This alert had me confused. So I started doing a bit of research and stumbled on this fantastic article. I cannot recommend reading it enough, as it makes a lot of sense in my situation. For me, I had previously used one 20 inch box fan – something cheap from Canadian Tire. But due to my limited imagination, I was using it in a pretty poor way. I had it sitting on the ground pointed up towards my legs in front of my wheel. Yesterday I decided to add a second, but this time – with a slightly more active imagination – I decided to hang it from the ceiling so it would blow immediately into my face and torso. Today’s test was the first time I used it and it worked perfectly. I can’t believe I didn’t do something like this before.
An incredible improvement in comfort, and coolness. The coolness is important becausae it means I sweat less, which keeps my blood from getting thicker (yes, really), which helps my cardio system work to task instead of to pump thick blood around. To put some numbers on this, my LTHR went from 151 (as per last test) to 144. A 7 BPM drop with a massive increase in watts. That’s both fitness and coolness, but I’m sure that it is mostly coolness. So, get another fan. Yes, really.
Turbo Trainer Resistance.
Given the ride I had on Sunday outdoor, it appeared originally that my outdoor FTP was much higher than my indoor FTP – given that an 8 watt increase when not testing was warranted, logically when testing I should expect a bigger change. The article I noted above talks a lot about different kind of turbo trainers. Mine is a rear-wheel resistance fluid trainer made by Kinetic. It works pretty well for my needs right now, though I do note the direct drive ones look pretty freaking cool.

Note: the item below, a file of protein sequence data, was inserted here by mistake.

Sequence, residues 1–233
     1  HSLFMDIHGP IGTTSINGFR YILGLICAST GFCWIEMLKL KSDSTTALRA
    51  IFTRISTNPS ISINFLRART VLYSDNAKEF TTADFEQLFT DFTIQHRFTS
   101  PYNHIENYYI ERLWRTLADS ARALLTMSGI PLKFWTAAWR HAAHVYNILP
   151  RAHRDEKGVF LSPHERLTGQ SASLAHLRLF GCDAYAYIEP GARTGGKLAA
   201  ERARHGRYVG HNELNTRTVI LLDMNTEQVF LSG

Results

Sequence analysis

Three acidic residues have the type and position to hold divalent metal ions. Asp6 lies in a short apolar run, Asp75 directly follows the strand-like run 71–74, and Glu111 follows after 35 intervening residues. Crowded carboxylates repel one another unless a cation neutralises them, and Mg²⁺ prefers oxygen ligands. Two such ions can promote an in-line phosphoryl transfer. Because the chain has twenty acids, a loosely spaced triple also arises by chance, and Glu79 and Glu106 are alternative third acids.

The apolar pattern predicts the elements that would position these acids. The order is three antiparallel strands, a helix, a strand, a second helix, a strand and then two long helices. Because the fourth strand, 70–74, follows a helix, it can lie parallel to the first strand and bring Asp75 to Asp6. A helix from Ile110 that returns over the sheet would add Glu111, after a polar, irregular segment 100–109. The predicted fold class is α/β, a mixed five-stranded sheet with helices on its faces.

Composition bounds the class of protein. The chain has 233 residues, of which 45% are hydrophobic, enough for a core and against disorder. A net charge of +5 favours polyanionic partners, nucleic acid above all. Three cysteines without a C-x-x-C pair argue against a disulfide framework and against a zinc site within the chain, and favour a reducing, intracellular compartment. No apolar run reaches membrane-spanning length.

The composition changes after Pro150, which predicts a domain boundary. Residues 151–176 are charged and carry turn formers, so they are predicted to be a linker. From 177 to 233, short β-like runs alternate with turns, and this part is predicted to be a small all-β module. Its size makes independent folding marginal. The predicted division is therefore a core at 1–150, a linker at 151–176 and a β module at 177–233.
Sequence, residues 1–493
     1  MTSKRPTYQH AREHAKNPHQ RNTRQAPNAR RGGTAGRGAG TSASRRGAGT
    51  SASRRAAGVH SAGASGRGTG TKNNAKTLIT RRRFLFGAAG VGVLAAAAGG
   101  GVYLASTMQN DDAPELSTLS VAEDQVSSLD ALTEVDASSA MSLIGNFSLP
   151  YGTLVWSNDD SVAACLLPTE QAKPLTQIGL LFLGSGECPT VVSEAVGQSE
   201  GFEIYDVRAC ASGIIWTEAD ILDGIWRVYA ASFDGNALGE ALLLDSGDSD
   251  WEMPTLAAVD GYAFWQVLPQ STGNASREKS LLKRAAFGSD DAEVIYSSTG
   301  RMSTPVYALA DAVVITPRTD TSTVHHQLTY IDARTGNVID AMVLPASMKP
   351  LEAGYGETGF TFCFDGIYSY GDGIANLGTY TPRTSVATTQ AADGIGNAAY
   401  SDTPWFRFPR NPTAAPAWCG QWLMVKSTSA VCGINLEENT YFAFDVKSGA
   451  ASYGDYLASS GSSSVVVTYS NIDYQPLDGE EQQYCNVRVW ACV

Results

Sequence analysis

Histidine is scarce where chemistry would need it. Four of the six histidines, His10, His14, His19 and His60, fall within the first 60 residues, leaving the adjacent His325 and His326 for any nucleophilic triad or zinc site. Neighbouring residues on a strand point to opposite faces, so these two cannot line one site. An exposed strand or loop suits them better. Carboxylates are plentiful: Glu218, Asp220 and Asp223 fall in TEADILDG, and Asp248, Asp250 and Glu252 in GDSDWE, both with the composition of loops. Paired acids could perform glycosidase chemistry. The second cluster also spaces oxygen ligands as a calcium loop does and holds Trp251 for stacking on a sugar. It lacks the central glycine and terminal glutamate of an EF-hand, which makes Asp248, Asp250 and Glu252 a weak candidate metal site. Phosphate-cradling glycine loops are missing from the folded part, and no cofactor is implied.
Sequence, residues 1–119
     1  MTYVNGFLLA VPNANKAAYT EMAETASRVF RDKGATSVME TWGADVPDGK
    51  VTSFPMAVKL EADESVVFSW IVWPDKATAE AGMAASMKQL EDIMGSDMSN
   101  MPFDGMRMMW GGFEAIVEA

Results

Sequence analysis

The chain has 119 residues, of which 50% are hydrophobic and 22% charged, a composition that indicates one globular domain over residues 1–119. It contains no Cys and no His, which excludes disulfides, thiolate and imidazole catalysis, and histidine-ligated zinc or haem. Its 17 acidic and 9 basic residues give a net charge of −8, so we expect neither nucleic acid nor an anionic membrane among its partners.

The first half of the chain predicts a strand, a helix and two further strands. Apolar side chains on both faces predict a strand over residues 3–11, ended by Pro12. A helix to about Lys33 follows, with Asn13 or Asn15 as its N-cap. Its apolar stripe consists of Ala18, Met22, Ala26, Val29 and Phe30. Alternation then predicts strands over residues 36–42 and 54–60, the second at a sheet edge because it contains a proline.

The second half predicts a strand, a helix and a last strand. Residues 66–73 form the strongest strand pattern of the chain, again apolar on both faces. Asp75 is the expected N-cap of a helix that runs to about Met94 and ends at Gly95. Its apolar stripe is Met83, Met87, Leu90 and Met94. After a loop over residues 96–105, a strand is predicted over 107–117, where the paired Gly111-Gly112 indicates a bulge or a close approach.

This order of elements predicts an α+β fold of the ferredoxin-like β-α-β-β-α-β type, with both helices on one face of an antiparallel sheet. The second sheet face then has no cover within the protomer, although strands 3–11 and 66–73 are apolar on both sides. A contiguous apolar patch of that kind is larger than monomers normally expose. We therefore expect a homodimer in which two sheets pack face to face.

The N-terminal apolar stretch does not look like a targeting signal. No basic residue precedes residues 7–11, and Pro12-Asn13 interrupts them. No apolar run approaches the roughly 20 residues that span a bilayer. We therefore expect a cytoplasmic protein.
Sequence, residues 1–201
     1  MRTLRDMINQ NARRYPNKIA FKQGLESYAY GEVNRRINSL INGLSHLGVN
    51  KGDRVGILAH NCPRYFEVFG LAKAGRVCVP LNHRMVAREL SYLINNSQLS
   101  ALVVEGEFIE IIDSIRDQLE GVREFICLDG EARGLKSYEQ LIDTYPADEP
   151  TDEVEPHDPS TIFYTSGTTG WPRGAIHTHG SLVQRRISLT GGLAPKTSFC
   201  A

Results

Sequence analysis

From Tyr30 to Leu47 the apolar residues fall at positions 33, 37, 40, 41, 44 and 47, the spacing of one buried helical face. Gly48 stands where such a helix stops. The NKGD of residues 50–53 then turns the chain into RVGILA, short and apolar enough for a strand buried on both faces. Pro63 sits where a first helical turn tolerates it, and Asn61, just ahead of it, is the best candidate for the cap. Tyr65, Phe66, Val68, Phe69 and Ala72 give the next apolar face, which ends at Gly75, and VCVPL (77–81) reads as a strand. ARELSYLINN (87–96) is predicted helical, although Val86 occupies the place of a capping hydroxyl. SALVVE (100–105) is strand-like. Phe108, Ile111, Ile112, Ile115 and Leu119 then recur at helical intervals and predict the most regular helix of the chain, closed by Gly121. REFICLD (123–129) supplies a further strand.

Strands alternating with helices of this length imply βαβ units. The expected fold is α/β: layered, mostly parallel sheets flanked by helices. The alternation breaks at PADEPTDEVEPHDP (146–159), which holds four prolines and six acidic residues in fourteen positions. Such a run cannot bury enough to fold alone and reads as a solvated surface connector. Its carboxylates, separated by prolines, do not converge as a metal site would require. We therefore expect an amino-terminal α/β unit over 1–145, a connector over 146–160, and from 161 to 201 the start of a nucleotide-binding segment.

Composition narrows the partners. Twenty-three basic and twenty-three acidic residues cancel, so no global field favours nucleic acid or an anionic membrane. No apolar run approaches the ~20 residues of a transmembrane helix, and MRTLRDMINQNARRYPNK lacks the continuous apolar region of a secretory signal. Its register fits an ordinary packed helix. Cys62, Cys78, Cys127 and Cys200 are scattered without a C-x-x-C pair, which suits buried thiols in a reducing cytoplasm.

The problem is that when your cranks are between 11 and 1 o’clock (and 5 and 7 o’clock), producing meaningful power is more or less impossible. This is not specific to my trainer – it’s cycling in genera. The fluid rear wheel resistance trainers in particular have a particularly large problem with this though. They tend to produce a type of resistance that causes your rear wheel to slow dramatically when not producing power. That means through that portion of the stroke, the rear wheel is decelerating, and your downward portion of the stroke increases the acceleration. If you could imagine a Sine wave, that’s kind of how I imagine the rear wheel’s speed. Up and down. More desirable is a wave that is, well, completely flat and not a wave at all. Similar to how one would expect the wheel to spin outdoor.
In my case, I tried to assist in resolving this problem by reducing the amount of resistance on the rear wheel. So I backed off about 3/4 turn on the tension adjuster. I’m actually not sure how much of a benefit this had but I’m sure it made a difference. I’ll play with this in the future, so that my rear wheel has enough tension to not slip, but not so much that it affects my cadence. The best solution is to ride outdoors, but there’s many disadvantages there too. Ideally, I’d have a really nice direct drive trainer, like a TacX Neo or similar, but the price tag on that is just too high to justify when I’m still making massive gains on my Kinetic.
FTP tests are about doing the work, and there’s no secret here. Obviously at 2.9 w/kg I’ve got a lot of room for improvement, but also at 2.9 w/kg I have sufficient experience to say that you just gotta learn to be comfortable when you’re hurting. Suffer. Learn to love it. That just takes time. I’m still learning, and the more I learn, the higher that number will go.
So that’s it! It doesn’t sound complicated because it isn’t. Put the time in, commit, keep cool, understand your stroke, and WORK! You’ll crush your FTP test.